129            Northern Meadow Mouse

                           ARVICOLA BOREALIS.--RICH.
                            [Phenacomys intermedius]

                             NORTHERN MEADOW-MOUSE.
                                 [Heather Vole]

                        PLATE CXXIX.--MALE and FEMALES.

     A. ungue pollicari robusto praeditus, auriculis vellere absconditis, cauda
capitis fere longitudine, vellere longissima molli, dorso castaneo nigro mixto,
ventre cano.

     Thumb nail, strong; ears, concealed in the fur; tail, about as long as the
head; fur, very long and fine; on the back, chestnut colour mixed with black; on
the belly, gray.


     MOUSE No. 15.  Forster, Philos. Trans., vol. lxii. p. 380.
     ARVICOLA BOREALIS.  Rich., Zool. Jour., No. 12, April, 1828, p. 517.
     ARVINNAK.  Dog-Rib Indians.


     This species is a little less than WILSON's Meadow-Mouse (A.
Pennsylvanica).  It has the form and dentition of the other species of
Arvicolae.  Head, rather large; forehead, convex; nose, short, and a little
pointed; eyes, small; ears, low, rounded, and concealed by the surrounding fur;
limbs, rather robust, clothed with short hairs, mixed on the toes and hind parts
of the fore feet with longer hairs.  Hind toes, more slender, and scarcely
longer than the fore ones; fore claws, small, much compressed, arched, and
acute, with a narrow elliptical excavation underneath; the hairs of the toes
reach to the points of the nails, but cover them rather sparingly; the claws of
the hind feet resemble those of the fore feet, but are not so strong; the thumb
of the fore feet consists of a small squarish nail slightly convex on both
sides, and having an obtuse point projecting from the middle of its extremity;
the tail is round, well clothed with short stiff hairs running to a point, which
do not permit the scales to be visible.  There are considerable variations in
the length of the tail, it being in one specimen a third longer than in others.
The fur on the body is long in proportion to the size of the animal.


     Hair on the upper parts blackish-gray from the roots to the tips, some of
which are yellowish or chestnut brown, and some black; the black tipped hairs
are the longest, and are equally distributed amongst the others, giving the body
a dark reddish-brown colour.  There is a rufous patch under the ears.  On the
under part, and on the chin and lips, the colour is lead-gray, and the hairs are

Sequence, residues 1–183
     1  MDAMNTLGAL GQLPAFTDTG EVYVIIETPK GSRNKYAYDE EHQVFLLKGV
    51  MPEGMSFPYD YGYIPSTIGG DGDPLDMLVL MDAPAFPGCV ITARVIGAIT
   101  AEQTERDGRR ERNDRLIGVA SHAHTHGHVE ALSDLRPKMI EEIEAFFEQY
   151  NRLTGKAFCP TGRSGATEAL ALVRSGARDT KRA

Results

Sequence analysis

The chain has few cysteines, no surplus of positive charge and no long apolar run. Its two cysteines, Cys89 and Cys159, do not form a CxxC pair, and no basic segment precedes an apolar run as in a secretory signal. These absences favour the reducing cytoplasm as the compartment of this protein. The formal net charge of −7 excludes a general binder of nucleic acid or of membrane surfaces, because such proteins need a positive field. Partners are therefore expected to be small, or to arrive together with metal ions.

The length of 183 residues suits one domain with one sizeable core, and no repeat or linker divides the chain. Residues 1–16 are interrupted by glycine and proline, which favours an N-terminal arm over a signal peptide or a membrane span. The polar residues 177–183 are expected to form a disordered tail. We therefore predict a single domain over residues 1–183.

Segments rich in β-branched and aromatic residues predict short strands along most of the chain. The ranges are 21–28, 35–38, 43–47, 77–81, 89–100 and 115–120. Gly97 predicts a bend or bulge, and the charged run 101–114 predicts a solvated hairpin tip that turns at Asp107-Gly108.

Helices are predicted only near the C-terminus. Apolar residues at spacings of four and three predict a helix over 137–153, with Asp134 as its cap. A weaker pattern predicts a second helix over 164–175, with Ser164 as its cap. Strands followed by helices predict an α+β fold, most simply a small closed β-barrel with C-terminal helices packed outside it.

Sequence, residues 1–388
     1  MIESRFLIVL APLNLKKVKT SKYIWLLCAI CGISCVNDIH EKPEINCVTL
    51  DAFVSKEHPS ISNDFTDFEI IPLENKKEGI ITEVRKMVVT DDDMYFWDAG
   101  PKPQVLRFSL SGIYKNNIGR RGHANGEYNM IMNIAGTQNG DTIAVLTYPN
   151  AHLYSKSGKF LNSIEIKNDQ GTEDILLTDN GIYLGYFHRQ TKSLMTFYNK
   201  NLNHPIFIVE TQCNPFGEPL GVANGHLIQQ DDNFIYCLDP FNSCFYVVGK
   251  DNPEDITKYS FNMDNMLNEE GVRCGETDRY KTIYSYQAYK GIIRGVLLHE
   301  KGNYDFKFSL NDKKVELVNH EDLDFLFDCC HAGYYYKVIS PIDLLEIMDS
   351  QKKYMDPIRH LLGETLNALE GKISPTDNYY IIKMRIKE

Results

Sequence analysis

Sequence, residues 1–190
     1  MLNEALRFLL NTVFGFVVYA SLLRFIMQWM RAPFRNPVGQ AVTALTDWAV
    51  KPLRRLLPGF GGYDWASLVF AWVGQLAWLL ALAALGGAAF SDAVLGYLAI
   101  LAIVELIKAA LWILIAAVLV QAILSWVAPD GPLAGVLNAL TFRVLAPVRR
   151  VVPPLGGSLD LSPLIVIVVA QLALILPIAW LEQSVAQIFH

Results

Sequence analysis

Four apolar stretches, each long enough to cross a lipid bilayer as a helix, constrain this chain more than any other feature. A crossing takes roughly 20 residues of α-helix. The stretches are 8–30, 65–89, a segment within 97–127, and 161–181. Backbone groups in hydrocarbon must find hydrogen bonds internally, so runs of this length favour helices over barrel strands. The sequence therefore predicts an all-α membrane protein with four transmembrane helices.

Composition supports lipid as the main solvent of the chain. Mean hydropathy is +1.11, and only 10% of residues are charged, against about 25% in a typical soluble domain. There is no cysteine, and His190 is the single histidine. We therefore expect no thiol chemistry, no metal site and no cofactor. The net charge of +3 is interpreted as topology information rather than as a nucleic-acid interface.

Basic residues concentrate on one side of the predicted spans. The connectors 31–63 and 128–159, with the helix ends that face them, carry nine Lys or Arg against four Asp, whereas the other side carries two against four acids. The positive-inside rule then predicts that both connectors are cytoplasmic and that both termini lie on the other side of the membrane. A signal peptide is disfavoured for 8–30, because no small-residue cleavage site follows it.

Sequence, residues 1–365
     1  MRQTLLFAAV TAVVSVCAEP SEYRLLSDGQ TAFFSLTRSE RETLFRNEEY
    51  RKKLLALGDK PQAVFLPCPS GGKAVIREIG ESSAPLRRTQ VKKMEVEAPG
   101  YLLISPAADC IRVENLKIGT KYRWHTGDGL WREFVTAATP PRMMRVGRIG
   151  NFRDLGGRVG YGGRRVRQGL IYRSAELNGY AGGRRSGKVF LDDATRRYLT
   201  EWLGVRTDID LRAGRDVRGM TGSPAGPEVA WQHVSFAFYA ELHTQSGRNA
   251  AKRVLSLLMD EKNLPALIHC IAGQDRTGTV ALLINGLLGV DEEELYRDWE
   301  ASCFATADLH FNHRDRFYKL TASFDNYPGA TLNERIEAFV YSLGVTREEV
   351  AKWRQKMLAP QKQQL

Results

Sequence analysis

shorter than on the back and sides; tail, brown above and grayish beneath; hairs
on the feet, ochreous yellow; claws, white.


                                                  Inches.     Lines.

     Length of head and body,.  .  .  .  .  .  .  .  4          6
     Length of tail,.  .  .  .  .  .  .  .  .  .  .  1          0
     Length of head,.  .  .  .  .  .  .  .  .  .  .  1          3
     Height of ear, .  .  .  .  .  .  .  .  .  .  .  0          4
     Breadth of ear,.  .  .  .  .  .  .  .  .  .  .  0          3
     Length of fore feet to end of middle claw,.  .  0          4 1/2
     Hind feet, including heel and claw, .  .  .  .  0          7 1/2
     Fur on the back,  .  .  .  .  .  .  .  .  .  .  0         10


     We have little to say in regard to the present species.  RICHARDSON states
that its habits are very similar to those of A. xanthognatha, and in our article
on that species we have given an account of the general habits of the Arvicolae
(at p. 18 of the present volume), to which we refer our readers.
     The northern Arvicolae do not appear to become dormant from the effect of
cold, but during the long Arctic winter dig galleries under the deep snows, in
which they are enabled to search for seeds, grasses, or roots suited to their
wants.  We have ascertained by an examination of the bodies of several, more
southern species of Arvicolae, possessing similar habits, that so far from
suffering in winter and becoming lean, they are usually in good case, and
sometimes quite fat, during that season.
     The length of the fur on the back of the present species (ten twelfths of
an inch) is somewhat remarkable for so small an animal.

                           GEOGRAPHICAL DISTRIBUTION.

     This species was found in numbers at Great Bear Lake, living in the
vicinity of Arvicola xanthognatha.  We have not been able to ascertain the
extent of its range towards the south or west.  We did not discover this
Meadow-Mouse or hear of it on our expedition to the Yellow Stone and Upper
Missouri rivers, nor has it been found, so far as we know, anywhere west of the
Rocky Mountains.

                                GENERAL REMARKS.

     "The form of the thumb-nail allies this animal very closely to the Norway
lemming, and to one or two species of American lemming, but its claws are
smaller and more compressed, and apparently not so well calculated for scraping
earth as the broader claws of the lemmings."--Fauna Boreali Americana, p. 127.
     Thus far we agree with Dr. RICHARDSON; he, however, thinks that this
species may be considered an intermediate link between the lemmings and the
Meadow-Mice, and may without impropriety be ranked either as a true Meadow-Mouse
or as a lemming.
     After a careful examination of the original specimens, some years ago, we
set it down as a true Arvicola, possessing more of the characteristics of that
genus than of the genus Georychus.